A small city mayoral race takes some strange turns when a freakish creature dominates the race.
Former journalist Gray Davenport’s life is about as exciting as his nondescript name. Campaign consultant to a perennial also-ran who's floundering again in a three-man race for mayor of Grand River, a pollution-drenched West Coast city whose government is controlled by a cabal of shadowy businessmen, pulling the strings from the local gated community, he’s drowning in self-pity, not least because his marriage to an aspiring (if untalented) artist, fond of Jackson Pollock–like paint splatters, is crumbling. When Reason Wilder, an 8-foot-tall candidate who bears a striking resemblance to a famous 19th-century literary monster, captures the imagination of Grand River’s citizens, with his vaguely populist claims to offer “A way of the people. A way that reflects us all,” Gray sets out to unravel the mystery behind his appeal. That effort (and Gray’s emotional life) is complicated after the alluring Breeze Wellington, a marketing expert with a previous life as a porn star, appears in town and thrusts herself into a campaign that’s soon noteworthy for its deception and betrayal. Ponepinto’s (Curtain Calls, 2015) style doesn’t lack wit or an apt turn of phrase capable of evoking an audible chuckle, as when he describes the “astrologically-themed downtown grid” of Grand River that produces a street named “Cancer Boulevard,” but those talents only carry this uneven novel so far. There are sufficient twists to keep the plot energized, but the pallid protagonist eventually becomes more irritating than sympathetic. Ponepinto has some definite ideas about the flaws of the democratic process—notably, how easy it is to manipulate public opinion—but he wobbles between satirizing the shortcomings of political life and exploring the science-fiction elements of Reason’s existence, including the machinations of the corrupt genius who created him, without fully committing to either story. That structural flaw becomes especially apparent as the novel lurches toward its bizarre climax.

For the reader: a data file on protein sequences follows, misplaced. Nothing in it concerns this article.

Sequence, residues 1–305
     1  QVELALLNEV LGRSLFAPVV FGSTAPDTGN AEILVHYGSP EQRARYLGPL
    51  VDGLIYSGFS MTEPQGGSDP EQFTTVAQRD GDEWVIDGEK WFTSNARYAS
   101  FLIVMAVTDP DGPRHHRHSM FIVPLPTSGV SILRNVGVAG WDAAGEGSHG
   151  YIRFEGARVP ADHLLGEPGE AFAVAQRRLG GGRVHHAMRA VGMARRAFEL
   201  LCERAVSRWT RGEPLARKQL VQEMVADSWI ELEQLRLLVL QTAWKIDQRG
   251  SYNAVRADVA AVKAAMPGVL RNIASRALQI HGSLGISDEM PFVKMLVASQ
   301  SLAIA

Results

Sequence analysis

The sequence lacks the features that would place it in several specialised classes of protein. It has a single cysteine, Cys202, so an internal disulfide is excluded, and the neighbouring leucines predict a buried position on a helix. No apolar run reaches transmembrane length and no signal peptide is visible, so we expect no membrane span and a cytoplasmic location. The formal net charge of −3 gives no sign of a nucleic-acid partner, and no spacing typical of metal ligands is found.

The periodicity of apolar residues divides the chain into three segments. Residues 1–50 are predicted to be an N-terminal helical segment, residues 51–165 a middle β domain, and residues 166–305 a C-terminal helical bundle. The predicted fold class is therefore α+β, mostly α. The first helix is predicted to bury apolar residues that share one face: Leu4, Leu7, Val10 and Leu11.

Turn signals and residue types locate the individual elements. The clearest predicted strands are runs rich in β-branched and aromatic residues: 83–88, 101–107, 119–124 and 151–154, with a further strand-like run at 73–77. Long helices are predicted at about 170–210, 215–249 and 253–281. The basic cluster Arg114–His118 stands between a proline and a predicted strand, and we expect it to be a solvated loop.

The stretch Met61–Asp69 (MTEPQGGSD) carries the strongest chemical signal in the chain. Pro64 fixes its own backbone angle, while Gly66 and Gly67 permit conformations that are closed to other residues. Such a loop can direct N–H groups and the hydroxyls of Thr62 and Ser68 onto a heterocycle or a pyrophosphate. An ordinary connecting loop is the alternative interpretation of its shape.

A political satire wanders off course after a promising start.